Alyssa Quinn said she was home alone one night — feeling hopeless as she struggled to start her first novel and incorporate the theories of language she wanted to write about — when the first line came to her: “The museum is a discotheque.”
Those words, she said, were followed by an image: Of a Homo habilis woman — the now-extinct species that began the human genus that we, Homo sapiens, now represent — illuminated in deep blue light.
With that spark, Quinn that night wrote the first draft of the beginning of her debut novel, “Habilis.” The finished novel will be released Tuesday, Sept. 13, by Dzanc Books.
“That’s a really exciting and important moment for me, when something happens that I don’t know what it is as a writer, but it feels generative,” said Quinn, who hails from Farmington. “I’m going to trust what’s on the page and just go with it.”
At that point, Quinn said, she had been researching for a year — after reading a theory on the origin of language in the book “Performatism, or the End of Postmodernism” by Raoul Eshelman, in the last class for her MFA at Western Washington University in Bellingham, Wash.
In particular, it was the first moment that language arrived in the human species that prompted her imagination. From there, she started researching human evolution and anthropology findings, reading about the fossil discoveries of the renowned archaeologists Louis and Mary Leakey, and the theory of language from the anthropologist Eric Gans.
“I knew I wanted to write about [this particular theory],” Quinn said. “But I didn’t know how.”
Then she had her brainstorm, and from there, Quinn said, the rest of the book poured out fairly quickly.
The resulting book is a disorienting, yet masterful, set of interconnected narratives about the origins of language, the human species, and how we communicate.
It follows, in part, Lucy, who finds herself in an anthropology museum that converts every night into a disco. As the story progresses, Lucy loses her ability to communicate — and with it, she losses parts of her identity.
“Her character was a way to think about loss, specifically loss of origin,” Quinn said.
Lucy doesn’t have an origin story: She was found alone, as a toddler, on a train. “She has this kind of big void at the beginning of her life, similar to how we as humans have something of a void at the beginning of our species,” Quinn said. “We can never know for sure how our species evolved or how language first originated.”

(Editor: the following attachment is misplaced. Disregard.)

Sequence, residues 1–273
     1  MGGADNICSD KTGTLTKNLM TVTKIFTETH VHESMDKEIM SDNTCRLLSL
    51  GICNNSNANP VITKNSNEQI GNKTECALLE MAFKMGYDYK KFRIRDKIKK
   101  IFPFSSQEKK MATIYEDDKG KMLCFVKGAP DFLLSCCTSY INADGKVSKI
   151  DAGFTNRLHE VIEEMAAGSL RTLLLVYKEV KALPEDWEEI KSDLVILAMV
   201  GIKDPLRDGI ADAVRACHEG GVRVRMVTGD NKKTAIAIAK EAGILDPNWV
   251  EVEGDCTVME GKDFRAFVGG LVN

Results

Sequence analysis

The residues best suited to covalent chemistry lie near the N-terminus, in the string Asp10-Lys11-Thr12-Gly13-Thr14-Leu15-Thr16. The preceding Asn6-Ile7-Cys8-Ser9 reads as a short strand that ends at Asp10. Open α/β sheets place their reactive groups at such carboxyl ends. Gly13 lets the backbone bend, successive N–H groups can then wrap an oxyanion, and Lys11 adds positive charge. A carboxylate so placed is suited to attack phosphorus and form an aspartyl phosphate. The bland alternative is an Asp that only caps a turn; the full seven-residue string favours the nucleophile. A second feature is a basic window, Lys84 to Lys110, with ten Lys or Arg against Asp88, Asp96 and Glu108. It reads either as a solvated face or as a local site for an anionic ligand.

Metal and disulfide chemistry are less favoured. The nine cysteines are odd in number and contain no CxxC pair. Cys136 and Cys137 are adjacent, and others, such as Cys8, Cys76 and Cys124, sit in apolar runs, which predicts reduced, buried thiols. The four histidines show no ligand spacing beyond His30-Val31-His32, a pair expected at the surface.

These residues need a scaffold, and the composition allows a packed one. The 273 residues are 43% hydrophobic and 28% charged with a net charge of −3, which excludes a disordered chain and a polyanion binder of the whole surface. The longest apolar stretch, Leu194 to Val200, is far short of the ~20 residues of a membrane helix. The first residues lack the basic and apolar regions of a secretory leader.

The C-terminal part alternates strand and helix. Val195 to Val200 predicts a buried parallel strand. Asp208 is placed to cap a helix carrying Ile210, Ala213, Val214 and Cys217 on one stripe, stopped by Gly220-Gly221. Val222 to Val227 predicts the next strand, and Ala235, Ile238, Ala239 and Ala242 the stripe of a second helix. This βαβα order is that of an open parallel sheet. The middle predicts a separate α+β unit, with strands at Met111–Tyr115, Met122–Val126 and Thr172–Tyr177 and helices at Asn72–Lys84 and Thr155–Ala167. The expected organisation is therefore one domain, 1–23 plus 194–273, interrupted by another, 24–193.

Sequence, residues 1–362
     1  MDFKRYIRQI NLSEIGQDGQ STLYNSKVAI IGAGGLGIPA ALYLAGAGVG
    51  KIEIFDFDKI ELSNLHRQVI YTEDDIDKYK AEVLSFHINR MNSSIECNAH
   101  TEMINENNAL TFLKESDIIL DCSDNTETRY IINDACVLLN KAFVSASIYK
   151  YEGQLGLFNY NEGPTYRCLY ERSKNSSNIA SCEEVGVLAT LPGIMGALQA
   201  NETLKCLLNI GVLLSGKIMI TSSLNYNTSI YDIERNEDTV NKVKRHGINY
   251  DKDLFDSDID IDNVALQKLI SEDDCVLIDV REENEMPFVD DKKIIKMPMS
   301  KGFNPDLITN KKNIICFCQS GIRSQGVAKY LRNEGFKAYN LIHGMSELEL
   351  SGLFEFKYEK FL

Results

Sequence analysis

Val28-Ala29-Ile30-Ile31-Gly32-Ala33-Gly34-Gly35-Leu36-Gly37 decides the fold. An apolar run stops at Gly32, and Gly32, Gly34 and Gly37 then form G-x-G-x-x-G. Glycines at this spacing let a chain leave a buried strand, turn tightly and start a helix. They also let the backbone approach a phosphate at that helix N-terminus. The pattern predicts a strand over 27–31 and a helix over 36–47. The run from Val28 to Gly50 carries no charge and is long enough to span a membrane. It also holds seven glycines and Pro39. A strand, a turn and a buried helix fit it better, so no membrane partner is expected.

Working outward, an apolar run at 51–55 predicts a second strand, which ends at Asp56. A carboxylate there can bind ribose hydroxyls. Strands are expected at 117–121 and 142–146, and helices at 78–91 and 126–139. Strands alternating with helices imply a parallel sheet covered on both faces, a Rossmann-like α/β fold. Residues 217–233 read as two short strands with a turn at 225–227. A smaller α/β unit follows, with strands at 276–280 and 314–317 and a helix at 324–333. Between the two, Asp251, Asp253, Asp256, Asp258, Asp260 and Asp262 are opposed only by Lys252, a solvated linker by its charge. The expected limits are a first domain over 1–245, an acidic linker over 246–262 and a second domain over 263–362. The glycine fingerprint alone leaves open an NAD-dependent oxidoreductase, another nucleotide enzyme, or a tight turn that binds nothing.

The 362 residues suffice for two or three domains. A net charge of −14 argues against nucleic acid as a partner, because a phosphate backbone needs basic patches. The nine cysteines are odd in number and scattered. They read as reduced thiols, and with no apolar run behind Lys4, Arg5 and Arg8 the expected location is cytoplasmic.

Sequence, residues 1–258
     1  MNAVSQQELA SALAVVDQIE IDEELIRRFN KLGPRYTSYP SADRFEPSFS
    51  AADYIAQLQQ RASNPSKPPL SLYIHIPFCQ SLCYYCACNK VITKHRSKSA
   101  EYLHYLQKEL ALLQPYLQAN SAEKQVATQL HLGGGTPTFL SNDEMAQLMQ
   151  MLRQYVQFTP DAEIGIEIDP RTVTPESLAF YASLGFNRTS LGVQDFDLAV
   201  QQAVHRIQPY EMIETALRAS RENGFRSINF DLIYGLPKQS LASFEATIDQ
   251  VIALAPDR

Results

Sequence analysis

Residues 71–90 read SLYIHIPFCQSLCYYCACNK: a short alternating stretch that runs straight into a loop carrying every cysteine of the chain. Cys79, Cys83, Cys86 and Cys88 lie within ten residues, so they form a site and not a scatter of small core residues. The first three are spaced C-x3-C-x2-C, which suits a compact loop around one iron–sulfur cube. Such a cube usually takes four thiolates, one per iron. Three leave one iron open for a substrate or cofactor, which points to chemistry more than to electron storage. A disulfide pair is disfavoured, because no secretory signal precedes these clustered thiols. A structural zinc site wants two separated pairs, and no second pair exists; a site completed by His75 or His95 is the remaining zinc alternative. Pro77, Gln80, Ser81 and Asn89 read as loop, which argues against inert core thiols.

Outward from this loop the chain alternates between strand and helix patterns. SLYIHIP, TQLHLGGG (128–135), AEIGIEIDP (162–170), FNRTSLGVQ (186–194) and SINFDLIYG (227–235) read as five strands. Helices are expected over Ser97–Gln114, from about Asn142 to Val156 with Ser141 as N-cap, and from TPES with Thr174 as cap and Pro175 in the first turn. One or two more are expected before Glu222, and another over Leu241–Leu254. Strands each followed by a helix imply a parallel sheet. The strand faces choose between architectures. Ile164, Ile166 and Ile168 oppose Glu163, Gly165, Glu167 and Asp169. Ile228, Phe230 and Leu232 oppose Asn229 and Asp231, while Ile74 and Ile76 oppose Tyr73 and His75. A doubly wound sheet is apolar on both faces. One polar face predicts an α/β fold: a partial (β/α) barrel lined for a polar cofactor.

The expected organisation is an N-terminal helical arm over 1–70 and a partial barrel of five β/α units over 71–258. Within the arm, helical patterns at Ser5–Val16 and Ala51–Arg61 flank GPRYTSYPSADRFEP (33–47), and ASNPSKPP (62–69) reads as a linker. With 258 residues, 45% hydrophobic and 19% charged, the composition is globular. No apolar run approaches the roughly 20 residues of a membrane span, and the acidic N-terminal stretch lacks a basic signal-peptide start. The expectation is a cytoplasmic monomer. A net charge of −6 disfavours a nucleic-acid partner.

Readers may be unnerved by Lucy’s journey, feeling the visceral experience of being lost along with her. That’s intentional, Quinn said. “I’m interested in disorientation in all my writing, disorienting the reader and the characters.”
Later on, the novel dives into the origins of human evolution in East Africa, through three separate characters: The archaeologist Mary Leakey, an Indian indentured laborer working on the Uganda Railway, and a curator.
Quinn said that, as a white writer, she asked herself how to best navigate writing about “colonialism and anthropologists’ complicity in that region,” and wanted to best incorporate the harsh realities of those experiences in her work.
“The quest to find human origins has been one that has been complicit in a lot of violence, because it sometimes assumes that to be human is a universal experience as opposed to one that is deeply diverse, depending on who you are and where you’ve been born,” Quinn said.
It’s through that process that Quinn said she was also able to title her book. She points to Homo habilis, which was discovered by Mary Leakey and her son, Jonathan, and means “handy man.”
“The book is so interested in gestural communication and pointing,” Quinn said. “What it means to point at something, [to have] somebody else look where you’re pointing. That shared connection and gaze is sort of the basis of communication.”
It felt fitting, she said, that the species that was named for its hands — who might’ve been the first human to use gestural communication — would be the focus of the book.
Quinn is now working toward her Ph.D in creative writing at the University of Utah. Working on this novel — which so intricately examines language and communication — has made her a more considerate wordsmith, she said, even though she’s been writing since the age of seven.
“I become less uptight about everyday language,” she said. “Growing up as an English nerd, that was kind of the reputation you get, that you’re the grammar nerd.”
She added, “I’m interested in how language evolves continually, how it’s used differently in all sorts of situations. How it can be playful and edgy. Language is dynamic and can never be one thing.”
Quinn said she has been waiting for over 20 years for this moment, having her first novel published, and at the heart of it all “is the question about how we tell stories about ourselves.”
She said she hopes the book will give readers a new perspective on “how we conceive of science and history as not being universal truths that are pure and diverse.”
What she loves to do most in her works is the same thing Quinn wants her readers to understand: “If you look at [anything] hard enough, it’s going to crack open and reveal this intricate history behind it.”
Alyssa Quinn’s debut novel, “Habilis,” will be released on Sept. 13. Quinn will be on hand for an in-person discussion of the book, and a book signing, Friday, Sept. 16, from 6 to 7 p.m. at The King’s English bookshop, 1511 S. 1500 East, Salt Lake City.
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